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Don’t dislocate


In order to understand shoulder dislocations it is first necessary to review the anatomy and structure of the joint.

We all know that the shoulder joint looks like a ball and socket. The joint is held together and stabilized by numerous soft tissues such as ligaments, muscles and a joint capsule. It is safe to say that the shoulder is one of the most complex joints in the body. It is definitely the most mobile joint, however it sacrifices stability for mobility. As a result, the shoulder is the most frequently dislocated joint in the body.

A shoulder dislocation occurs when the arm bone or ball part of the joint pops out of the cup shaped socket. Due to the fact that the shoulder can move in several directions, it can dislocate forwards, backwards or downwards. The most common dislocation is forward and down. It usually requires a strong force or sudden blow to the shoulder area to cause the joint to dislocate. It is important to note that extreme rotation of the shoulder could also cause a dislocation.

Sports injuries in contact sports such as hockey and football are the most common causes of shoulder dislocations. However, trauma related to motor vehicle accidents or slips and falls are also common causes.

Males in their teens or early twenties are at higher risk of shoulder dislocations.  This is most likely due to the fact that this group tends to be physically active.

It is sometimes hard to tell if a shoulder is dislocated or is just badly sprained. The first sign of a shoulder dislocation is intense pain. Often, pain is accompanied by swelling and bruising of the shoulder and surrounding area.

It is common for the shoulder joint to be visibly deformed or to look out of place. In severe cases, the person suffering the dislocation will be unable to move the joint. Other symptoms include numbness, tingling or weakness in the surrounding area, including the neck and arm. Severe muscle spasms may also be present.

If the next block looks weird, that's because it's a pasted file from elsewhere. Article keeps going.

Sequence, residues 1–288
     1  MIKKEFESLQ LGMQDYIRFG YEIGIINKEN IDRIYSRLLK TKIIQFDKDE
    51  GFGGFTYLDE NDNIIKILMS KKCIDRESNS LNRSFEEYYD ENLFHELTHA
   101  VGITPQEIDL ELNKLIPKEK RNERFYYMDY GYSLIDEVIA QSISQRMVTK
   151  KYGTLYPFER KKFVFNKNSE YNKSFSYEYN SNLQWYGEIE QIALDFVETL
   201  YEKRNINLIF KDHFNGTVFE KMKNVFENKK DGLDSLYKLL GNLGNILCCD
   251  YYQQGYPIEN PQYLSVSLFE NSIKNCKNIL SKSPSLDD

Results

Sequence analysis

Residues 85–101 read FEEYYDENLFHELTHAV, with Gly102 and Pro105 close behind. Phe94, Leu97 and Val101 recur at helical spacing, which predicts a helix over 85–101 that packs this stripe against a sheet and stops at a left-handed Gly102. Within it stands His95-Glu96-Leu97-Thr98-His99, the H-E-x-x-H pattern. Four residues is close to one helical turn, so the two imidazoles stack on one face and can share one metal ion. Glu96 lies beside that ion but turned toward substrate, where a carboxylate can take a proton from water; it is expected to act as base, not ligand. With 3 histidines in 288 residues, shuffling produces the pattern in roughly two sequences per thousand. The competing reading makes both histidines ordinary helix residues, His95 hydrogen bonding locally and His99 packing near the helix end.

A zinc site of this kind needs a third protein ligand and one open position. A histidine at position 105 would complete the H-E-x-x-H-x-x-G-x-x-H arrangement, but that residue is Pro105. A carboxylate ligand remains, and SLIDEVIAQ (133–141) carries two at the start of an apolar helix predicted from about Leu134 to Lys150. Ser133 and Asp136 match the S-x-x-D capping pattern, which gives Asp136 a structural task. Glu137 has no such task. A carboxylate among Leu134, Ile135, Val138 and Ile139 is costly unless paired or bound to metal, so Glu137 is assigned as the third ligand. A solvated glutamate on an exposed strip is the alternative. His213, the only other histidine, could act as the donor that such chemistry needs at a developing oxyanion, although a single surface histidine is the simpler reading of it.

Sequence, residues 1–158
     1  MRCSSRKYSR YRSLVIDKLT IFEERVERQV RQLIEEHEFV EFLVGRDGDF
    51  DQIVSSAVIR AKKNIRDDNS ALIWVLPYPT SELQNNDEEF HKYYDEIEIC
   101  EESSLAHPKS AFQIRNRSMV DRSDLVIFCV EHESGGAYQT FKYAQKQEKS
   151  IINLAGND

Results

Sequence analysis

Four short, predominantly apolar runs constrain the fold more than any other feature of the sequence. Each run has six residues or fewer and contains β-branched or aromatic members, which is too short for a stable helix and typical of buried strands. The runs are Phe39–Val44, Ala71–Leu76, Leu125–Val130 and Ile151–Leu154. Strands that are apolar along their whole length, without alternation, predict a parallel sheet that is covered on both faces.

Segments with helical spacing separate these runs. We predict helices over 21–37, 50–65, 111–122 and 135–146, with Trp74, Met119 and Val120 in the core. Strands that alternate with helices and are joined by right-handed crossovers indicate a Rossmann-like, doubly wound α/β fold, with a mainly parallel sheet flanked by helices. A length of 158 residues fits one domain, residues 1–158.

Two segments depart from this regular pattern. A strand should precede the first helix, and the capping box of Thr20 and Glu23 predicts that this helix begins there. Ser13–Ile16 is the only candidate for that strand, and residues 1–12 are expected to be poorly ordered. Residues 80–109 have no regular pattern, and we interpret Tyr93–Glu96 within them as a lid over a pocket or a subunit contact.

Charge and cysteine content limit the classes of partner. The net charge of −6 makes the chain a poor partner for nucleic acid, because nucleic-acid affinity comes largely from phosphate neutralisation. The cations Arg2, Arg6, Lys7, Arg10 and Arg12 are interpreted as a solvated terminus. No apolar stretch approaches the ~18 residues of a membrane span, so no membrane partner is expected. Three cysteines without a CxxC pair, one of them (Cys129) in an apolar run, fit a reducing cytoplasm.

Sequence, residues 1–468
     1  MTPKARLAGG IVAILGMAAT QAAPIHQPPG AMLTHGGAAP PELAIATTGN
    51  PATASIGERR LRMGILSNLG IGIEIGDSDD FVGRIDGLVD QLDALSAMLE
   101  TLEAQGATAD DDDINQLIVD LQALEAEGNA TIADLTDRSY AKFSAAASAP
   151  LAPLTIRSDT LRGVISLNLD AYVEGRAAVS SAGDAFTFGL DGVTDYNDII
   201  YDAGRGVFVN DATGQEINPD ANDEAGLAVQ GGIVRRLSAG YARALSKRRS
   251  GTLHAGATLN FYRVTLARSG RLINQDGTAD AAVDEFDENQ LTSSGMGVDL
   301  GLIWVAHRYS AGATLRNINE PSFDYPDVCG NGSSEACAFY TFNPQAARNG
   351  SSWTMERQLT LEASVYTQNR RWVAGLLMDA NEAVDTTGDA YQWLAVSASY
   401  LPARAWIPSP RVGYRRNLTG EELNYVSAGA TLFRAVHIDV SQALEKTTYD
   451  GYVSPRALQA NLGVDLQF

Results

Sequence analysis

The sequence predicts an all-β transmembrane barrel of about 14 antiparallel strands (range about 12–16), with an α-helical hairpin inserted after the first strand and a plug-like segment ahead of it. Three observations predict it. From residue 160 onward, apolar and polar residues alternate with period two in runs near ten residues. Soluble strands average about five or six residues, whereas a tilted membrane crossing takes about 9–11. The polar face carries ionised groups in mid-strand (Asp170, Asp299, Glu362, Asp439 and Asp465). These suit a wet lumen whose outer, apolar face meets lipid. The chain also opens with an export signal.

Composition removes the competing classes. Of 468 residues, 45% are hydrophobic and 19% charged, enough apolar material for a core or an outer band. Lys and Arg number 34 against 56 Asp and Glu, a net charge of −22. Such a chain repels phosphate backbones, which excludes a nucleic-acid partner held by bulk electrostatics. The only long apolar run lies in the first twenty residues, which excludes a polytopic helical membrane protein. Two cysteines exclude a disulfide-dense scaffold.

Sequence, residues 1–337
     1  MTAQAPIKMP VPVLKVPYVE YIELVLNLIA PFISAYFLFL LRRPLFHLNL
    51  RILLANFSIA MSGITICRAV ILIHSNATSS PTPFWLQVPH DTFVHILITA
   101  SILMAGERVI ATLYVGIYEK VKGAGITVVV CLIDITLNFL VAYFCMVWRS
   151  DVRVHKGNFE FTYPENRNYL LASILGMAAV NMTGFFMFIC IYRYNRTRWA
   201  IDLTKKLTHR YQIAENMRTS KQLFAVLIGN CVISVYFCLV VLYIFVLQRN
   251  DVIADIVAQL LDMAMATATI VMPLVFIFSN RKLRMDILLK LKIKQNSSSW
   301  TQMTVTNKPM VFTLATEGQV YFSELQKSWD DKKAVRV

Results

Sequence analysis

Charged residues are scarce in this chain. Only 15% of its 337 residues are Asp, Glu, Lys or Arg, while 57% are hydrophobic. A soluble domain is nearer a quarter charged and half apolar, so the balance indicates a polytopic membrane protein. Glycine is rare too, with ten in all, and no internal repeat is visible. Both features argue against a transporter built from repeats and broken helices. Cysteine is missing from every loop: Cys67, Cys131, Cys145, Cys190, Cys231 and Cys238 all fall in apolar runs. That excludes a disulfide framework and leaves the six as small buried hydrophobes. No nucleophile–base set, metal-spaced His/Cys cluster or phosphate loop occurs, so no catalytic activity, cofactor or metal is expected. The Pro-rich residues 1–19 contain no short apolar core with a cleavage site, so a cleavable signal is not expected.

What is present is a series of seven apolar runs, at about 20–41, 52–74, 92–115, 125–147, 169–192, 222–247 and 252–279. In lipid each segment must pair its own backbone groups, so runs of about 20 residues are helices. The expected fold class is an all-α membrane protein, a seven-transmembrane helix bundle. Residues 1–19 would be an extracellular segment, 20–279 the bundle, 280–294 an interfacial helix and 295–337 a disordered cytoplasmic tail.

If you suspect a dislocated shoulder, do not move the joint or try and put it back into its socket. This can damage the surrounding muscles, ligaments, nerves or blood vessels. The best course of action is to immobilize the joint in a splint or sling and seek medical attention.

The are several forms of treatments for shoulder dislocations, depending of the individual case. The most common form of treatment is called closed reduction. This involves the doctor gently maneuvering the shoulder bones back into their proper positions.  Pain medications, muscle relaxants or mild sedatives may be required to perform this treatment. In rare cases, general anesthetic is required before shoulder manipulation. 

After the doctor has reduced the dislocation, they may recommend immobilization using special splints for up to three weeks. Pain and anti-inflammatory medication may also be prescribed.

Physical rehabilitation may be required once the splint has been removed. The goal of physical therapy would be to restore the movement of the shoulder and to strengthen and stabilize the joint.

The good news is that most individuals fully recover and regain shoulder function within a few weeks.

However, once you have dislocated your shoulder joint, you may be more susceptible to future dislocations.

As such, it is very important to follow the specific instructions from your doctor or physical therapist in order to minimize the chances of reoccurrence. In rare cases where multiple dislocations have occurred or there is damage to nerves or blood vessels, surgery may be required. Until next month, drive safely.

***

Dr. Christopher H. Singh runs Trans Canada Chiropractic at the 230 Truck Stop in Woodstock, Ont. He can be reached at 519-421-2024.


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